ISS welcomes new crew members with the arrival of SpaceX Crew-3


Yesterday we mentioned that SpaceX and NASA have finally successfully launched the Crew-3 mission, sending four new astronauts to live on the ISS. The successful launch came after several delays due to weather and other issues. Crew-3 was supposed to have launched on October 31, and it was then delayed until November 3 before finally being launched on November 10. Crew-3 finally docked with the ISS 30 minutes earlier than expected on Thursday, November 11 at 6:32 p.m. .

Docking has occurred less than 24 hours after launch from Kennedy Space Center in Florida. On board the Crew Dragon Endurance spacecraft were Raja Chari, Tom Marshburn, NASA’s Kayla Barron and ESA astronaut Matthias Maurer. According to NASA, the Endurance hatch was opened at 8:25 p.m. and the welcoming ceremony with the rest of the Expedition 66 crew took place at 9:00 p.m.

The photo above was taken during the welcome ceremony. On board the ISS when the Crew-3 astronauts arrived were Mark Vande Hei, Anton Shkaplerov (Commander of Expedition 66) and Pyotr Dubrovnik. The arrival of the astronauts at the ISS marks the third crew rotation mission conducted by SpaceX. Expedition 66 continues until April 2022.

With the multiple delays in the launch of Crew-3, NASA decided to bring the Crew-2 astronauts back to Earth using the Crew Dragon that put them into orbit. Crew-2 astronauts landed in the Gulf of Mexico near Pensacola, Florida, with no problem. Crew-2 launched on April 23, 2021, docking with the ISS on April 24, 2021. Crew-2 carried NASA astronaut Shane Kimbrough, NASA astronaut Megan McArthur, JAXA (Japan Aerospace Exploration Agency), astronaut Akihiko Hoshide, and ESA (European Space Agency) astronaut Thomas Pesquet.

A notable highlight of the Crew-2 mission was a spacewalk conducted by Hoshide and Pesquet, which was the first spacewalk conducted on the ISS without the participation of an American or Russian. The biggest issue that kept Crew-3 from launching in October or early November was the weather.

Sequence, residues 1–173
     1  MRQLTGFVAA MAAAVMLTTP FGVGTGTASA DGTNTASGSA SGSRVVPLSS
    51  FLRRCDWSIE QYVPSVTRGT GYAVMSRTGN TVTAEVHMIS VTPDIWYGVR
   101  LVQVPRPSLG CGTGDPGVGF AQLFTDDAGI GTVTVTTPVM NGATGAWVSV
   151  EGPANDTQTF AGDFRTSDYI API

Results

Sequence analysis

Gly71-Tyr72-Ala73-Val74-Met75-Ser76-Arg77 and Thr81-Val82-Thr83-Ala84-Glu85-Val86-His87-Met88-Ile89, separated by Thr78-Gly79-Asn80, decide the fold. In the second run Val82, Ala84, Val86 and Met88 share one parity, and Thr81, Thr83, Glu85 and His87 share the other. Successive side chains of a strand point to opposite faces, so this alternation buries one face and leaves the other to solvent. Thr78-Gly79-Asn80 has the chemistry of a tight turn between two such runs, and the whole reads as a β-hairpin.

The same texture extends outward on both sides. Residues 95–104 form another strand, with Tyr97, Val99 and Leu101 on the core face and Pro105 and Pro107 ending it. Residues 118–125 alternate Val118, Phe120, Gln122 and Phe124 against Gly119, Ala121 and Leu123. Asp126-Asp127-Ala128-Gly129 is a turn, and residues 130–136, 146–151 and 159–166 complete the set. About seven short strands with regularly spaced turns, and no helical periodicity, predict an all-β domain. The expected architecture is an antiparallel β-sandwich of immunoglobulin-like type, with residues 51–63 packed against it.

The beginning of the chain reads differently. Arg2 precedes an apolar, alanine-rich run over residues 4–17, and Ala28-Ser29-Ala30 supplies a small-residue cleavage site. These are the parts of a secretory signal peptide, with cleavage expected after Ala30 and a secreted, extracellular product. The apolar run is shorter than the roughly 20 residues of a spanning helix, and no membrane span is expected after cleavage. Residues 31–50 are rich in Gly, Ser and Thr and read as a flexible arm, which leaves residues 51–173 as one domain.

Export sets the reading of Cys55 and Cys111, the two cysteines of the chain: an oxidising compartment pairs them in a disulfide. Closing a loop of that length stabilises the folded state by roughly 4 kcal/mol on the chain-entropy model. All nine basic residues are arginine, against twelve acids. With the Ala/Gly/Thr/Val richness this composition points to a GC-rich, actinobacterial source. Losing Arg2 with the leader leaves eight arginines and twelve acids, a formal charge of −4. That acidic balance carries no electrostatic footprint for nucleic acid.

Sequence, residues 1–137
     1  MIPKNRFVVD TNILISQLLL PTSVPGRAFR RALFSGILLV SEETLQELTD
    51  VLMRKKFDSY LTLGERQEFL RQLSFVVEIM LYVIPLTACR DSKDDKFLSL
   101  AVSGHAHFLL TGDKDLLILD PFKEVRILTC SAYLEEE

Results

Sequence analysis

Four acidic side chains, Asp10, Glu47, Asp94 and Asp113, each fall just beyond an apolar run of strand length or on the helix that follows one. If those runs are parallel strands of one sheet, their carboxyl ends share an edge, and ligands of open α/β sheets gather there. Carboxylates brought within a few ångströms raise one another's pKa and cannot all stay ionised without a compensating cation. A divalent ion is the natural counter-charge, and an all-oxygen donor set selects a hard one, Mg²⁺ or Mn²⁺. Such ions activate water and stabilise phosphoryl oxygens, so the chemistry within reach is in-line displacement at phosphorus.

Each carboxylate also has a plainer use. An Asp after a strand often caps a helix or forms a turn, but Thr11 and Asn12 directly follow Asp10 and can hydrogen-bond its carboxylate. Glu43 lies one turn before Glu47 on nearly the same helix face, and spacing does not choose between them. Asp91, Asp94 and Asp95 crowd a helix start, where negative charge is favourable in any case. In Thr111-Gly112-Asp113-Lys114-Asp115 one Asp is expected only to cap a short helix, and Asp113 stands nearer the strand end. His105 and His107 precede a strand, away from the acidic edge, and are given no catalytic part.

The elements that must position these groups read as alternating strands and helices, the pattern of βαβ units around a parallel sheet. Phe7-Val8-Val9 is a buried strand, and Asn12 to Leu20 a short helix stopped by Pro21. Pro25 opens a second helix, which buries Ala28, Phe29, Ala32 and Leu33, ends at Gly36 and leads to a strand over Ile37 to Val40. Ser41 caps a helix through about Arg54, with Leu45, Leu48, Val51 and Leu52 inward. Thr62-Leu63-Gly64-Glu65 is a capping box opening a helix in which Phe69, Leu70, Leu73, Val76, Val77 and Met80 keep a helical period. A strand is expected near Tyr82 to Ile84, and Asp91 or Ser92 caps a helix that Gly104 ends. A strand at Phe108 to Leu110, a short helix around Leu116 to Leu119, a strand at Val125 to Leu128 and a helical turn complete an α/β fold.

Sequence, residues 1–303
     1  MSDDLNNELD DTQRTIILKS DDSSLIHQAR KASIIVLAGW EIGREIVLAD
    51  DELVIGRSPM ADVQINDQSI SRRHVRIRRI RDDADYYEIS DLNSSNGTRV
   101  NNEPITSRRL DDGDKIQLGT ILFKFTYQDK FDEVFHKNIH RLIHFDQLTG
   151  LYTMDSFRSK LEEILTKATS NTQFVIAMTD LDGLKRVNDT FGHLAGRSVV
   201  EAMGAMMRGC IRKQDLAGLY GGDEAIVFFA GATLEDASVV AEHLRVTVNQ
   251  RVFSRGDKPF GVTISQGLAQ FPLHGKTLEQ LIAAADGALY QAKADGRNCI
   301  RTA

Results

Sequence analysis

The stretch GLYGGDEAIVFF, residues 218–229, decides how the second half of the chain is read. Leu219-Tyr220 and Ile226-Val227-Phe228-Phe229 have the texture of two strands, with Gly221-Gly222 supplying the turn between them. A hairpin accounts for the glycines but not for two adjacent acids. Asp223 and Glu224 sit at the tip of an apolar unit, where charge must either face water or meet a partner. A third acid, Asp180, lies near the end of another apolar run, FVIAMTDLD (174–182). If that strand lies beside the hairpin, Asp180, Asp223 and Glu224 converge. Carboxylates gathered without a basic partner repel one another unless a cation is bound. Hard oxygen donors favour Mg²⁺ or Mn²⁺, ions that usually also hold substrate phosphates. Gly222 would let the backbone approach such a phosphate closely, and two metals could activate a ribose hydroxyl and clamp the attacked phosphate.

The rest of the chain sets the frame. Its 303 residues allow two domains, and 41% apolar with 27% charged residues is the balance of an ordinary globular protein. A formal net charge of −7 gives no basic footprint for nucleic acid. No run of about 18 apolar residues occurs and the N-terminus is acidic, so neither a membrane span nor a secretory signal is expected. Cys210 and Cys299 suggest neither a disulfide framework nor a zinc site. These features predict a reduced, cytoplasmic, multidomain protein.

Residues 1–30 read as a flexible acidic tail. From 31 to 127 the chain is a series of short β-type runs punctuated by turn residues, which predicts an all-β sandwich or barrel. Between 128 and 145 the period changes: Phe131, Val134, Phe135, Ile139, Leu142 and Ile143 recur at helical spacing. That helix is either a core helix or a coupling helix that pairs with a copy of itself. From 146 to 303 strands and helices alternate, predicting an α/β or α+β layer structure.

One of the astronauts aboard Crew-3 also had an undisclosed medical condition described as minor. This issue was resolved before the flight could be initiated. NASA was forced to abandon the Crew-3 launch opportunities on November 6-7. Adverse weather conditions were NASA’s main concern in both cases, including high winds at take-off and clouds. The weather is worrying on November 7 at launch abandonment sites on the east coast of the United States.

One of the strangest issues that NASA and SpaceX have faced in recent memory is the toilet design flaws onboard the Crew Dragon capsule. These defects were first observed during the Inspiration4 mission which put civilian astronauts into orbit for several days. These astronauts relied on the toilet aboard the Crew Dragon capsule more than on any past mission.

During the flight, alarms sounded on board the capsule, noting a problem with the toilet. The problem had to do with a tube that directed liquid waste into a detaching holding tank. The displaced tube allowed liquid waste to enter the fans used to create negative pressure in the system. Ultimately, the liquid waste ended up under the floor panels of the Crew Dragon spacecraft.

While the trash leaks had no impact on the crew, it was confirmed by SpaceX engineers when the capsule returned to Earth. The problem required an overhaul and approval from NASA. SpaceX welded the tube in place. However, the Crew Dragon capsule that brought Crew-2 astronauts back to Earth did not have the fix in place, and the astronauts were not allowed to use the restroom. Instead, they were given diapers for the flight home.

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